Claire Bogle (Interview)
Words by Jane Hervey.
Claire Bogle was J. Cole’s ride after his first show in Houston, Texas. Leaning on her truck, they recapped the night before rolling out. He shook his head at her in disbelief. The crowd had known his lyrics. “We’re on some true visionary shit,” J. Cole said. Claire felt the energy, too.
In 2009, Claire co-founded Scoremore Shows, a boutique promotion and booking agency, with her close friend Sascha Stone Guttfreund. At the time, Claire had just moved to Austin from New Mexico to start the business, and both were still in college. They wanted to bring the hip-hop artists they wanted to see to Texas—and they were going to do it, even if they didn’t know how.
Claire spent most of her time touring the South, than in class. She booked shows and drove acts, like J. Cole and Big Sean, from city to city in her car. It wasn’t easy. Bidding out the bigger promotion agencies for artists and venues all came down to personal relationships and hustle. But the feeling—that love of underground hip-hop—was insatiable.
“This is before rap was pop music, and nobody was touring unless you were Jay-Z or Kanye [West] on that massive level,” Claire says.
Six years later, Claire lives in Los Angeles and manages singer-songwriters Kali Uchis, George Maples, and her half of Scoremore Shows, which is now a multi-million dollar agency and events company. Over the years, Scoremore has become known for its dedication to artists and its eye for up-and-coming talent. When J. Cole rolls through the South, he still calls Scoremore. When Wiz Khalifa talks about Texas, he mentions Claire and Sascha.
Looking back, Claire says the stress of the come-up was ultimately worth it. She didn’t finish college, but all-nighters? She had plenty. Parties? She threw them. Concerts? She ran them. Instead, the biggest moments for Claire have been the moves that never made the papers, like the first party they threw at South By Southwest (Austin’s largest annual music festival). With headliners Chiddy Bang and Bun B., along with openers among the likes of Wiz Khalifa and ScHoolboy Q, they booked Stubb’s, an outdoor/indoor venue that double-times as a barbecue joint. They called the party “Sunday Swagger.”
“Pardon the name,” Claire says, then laughs. “It was 2010.”
They only sold 600 tickets, but it didn’t matter. “Everybody that we brought [to Texas] we were such a fucking fan of,” Claire says. “People don’t forget the type of experience we provide, just like we don’t, either.”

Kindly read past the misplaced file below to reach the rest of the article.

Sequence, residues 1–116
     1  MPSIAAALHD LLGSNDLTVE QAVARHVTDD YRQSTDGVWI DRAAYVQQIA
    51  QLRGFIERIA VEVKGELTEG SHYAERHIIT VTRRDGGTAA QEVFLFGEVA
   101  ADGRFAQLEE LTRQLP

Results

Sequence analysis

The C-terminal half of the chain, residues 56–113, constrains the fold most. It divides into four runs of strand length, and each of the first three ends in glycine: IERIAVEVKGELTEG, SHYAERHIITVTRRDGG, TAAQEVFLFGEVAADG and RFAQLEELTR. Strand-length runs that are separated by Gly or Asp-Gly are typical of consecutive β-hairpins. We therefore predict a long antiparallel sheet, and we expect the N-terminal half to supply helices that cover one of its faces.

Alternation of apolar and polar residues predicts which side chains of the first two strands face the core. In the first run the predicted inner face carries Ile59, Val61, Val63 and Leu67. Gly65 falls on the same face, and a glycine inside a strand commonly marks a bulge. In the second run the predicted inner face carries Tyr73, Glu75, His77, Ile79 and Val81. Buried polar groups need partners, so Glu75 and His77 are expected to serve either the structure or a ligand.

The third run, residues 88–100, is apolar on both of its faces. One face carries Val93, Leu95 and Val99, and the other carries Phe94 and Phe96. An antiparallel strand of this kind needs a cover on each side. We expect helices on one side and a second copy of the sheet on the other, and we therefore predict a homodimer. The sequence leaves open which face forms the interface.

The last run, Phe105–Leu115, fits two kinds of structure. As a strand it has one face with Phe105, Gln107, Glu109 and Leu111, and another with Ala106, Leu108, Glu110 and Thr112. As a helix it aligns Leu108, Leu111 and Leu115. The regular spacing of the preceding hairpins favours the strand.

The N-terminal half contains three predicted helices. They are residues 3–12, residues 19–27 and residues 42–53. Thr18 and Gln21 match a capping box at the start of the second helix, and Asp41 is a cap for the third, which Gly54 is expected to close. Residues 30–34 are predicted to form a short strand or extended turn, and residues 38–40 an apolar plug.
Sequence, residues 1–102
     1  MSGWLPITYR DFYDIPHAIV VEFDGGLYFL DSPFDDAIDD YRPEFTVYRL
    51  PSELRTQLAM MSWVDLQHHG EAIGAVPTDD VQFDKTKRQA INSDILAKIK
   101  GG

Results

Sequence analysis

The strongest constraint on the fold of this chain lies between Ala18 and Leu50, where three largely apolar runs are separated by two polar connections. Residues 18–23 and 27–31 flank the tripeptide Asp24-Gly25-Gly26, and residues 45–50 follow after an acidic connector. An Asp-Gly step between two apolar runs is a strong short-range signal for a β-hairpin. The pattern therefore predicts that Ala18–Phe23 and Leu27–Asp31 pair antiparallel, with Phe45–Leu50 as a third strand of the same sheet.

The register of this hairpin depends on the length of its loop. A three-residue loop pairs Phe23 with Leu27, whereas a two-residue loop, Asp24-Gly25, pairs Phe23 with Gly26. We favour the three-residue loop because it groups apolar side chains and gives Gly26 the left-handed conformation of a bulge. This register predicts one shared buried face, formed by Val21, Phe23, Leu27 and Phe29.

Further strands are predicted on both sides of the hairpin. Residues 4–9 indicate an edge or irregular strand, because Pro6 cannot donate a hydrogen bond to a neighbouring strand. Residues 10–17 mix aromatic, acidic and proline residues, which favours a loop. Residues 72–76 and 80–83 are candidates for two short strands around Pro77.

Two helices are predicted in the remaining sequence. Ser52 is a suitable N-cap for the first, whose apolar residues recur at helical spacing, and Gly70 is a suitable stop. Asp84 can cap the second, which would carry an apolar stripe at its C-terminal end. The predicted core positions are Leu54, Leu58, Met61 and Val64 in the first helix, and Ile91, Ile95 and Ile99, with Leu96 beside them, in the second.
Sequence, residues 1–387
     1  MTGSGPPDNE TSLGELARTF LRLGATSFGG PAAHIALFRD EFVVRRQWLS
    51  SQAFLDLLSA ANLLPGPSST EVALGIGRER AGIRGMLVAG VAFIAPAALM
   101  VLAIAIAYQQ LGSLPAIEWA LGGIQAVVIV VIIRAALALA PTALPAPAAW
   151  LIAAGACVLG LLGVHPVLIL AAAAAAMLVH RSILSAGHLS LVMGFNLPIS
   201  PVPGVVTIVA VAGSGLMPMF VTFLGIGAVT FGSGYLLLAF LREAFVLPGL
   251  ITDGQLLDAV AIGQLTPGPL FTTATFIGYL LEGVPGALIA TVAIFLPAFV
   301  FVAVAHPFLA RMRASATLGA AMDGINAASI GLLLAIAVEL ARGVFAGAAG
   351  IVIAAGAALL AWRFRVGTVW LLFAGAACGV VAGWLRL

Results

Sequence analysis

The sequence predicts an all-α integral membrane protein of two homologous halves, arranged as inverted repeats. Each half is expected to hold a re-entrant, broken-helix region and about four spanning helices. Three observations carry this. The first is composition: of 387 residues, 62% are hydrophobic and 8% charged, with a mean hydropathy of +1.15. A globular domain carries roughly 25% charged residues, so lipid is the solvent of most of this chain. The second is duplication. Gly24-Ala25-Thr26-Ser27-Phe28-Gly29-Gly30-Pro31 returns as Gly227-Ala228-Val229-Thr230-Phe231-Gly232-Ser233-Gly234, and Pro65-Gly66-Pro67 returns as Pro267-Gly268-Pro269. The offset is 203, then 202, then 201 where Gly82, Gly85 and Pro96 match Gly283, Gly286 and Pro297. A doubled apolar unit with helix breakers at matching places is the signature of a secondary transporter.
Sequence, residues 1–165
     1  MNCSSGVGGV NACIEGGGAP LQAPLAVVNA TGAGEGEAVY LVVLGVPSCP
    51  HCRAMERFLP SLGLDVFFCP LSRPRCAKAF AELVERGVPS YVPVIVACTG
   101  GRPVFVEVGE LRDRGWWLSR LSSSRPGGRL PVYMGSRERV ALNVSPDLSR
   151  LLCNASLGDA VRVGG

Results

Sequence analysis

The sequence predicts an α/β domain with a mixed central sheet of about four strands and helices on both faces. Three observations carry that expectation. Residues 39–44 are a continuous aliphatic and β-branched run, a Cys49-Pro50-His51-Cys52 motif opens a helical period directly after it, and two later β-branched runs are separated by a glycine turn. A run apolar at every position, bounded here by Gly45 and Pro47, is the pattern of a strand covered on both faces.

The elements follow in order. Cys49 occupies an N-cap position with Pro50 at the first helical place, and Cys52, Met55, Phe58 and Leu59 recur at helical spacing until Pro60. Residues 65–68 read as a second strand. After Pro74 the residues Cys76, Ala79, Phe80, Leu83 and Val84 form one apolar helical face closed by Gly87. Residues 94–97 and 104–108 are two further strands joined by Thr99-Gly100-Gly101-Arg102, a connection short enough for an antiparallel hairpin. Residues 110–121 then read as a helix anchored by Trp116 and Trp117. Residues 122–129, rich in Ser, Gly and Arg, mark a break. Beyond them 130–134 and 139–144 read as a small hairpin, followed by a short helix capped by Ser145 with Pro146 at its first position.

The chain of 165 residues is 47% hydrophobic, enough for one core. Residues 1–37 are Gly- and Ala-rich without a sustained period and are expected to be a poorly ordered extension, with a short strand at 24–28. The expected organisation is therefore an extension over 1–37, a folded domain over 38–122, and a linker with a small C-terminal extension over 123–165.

“Sunday Swagger” never went annual, but the event was breeding ground for Scoremore’s yearly SXSW celebration—the Illmore. The Illmore started off as an afterparty, a place to chill after a long week of interviews, back-to-back shows, and events, but it quickly grew into a pop-up venue for headlining acts.
“We’ve never paid an artist to play the Illmore,” she says. “They play it out of love for us, for the brand. The J.Coles, the Wales, the Macklemores, the Skrillexes, the Steve Aokis, none of them have ever been paid.”
This same love and hustle fueled the beginnings for JMBLYA, Scoremore’s annual pop-up festival featuring rising hip-hop artists. “When we decided to produce JMBLYA, financially it wasn’t a good move” Claire says. “But we did three dates and put all of the artists on a tour bus, and at the end of it there wasn’t an artist who didn’t come up to me and say, ‘Damn, let’s tour this.’ A$AP Ferg even did a song with Purity Ring. We made the money we lost back the next year and now we’ve got a brand to work with. We can sell 3000 tickets for it without a lineup, and that entire thing was built entirely out of restlessness.”
The same restlessness sustains Scoremore Shows. With her team, Claire has created a business that feeds off of her own energy, the music she loves, and the relationships she has with her friends.
“When you’re taking a business that is literally derived on passion, it’s a lot harder numerically to sustain, but in terms of relationships, it’s easy. You’re all fighting for the same thing—that fighting and fleeting moment of producing something that touches lives,” Claire says. “My favorite fucking part of producing shows is seeing the crowd antsy and so excited and sharing that energy as a team. Like, fuck, we brought all these people together to share this energy with us and we have the pleasure of experiencing this with them.”
Claire says it ultimately comes down to those little moments—the times where she looks out at the crowd or witnesses greatness from an artist she respects. It’s that time she helped a handicapped attendee meet an artist backstage. It’s watching Kendrick Lamar play two SXSW gigs back-to-back, simultaneously pumped by exhilaration and exhaustion. It’s hustling and fighting with her friends and not having a sustainable romantic relationship—all for music, all for the shows, all for getting better. It’s hearing Big Sean say “If it’s a Scoremore show, it’s a sold-out show.” Those are the moments when she feels love.
“The day that I stop is…well, I can’t imagine that day, to be honest,” she says. “Fuck, I can’t even imagine it. We’re so in love with what we do and who we do it with, I can’t imagine anything changing. If that’s me being naive and young about it, who’s to say?”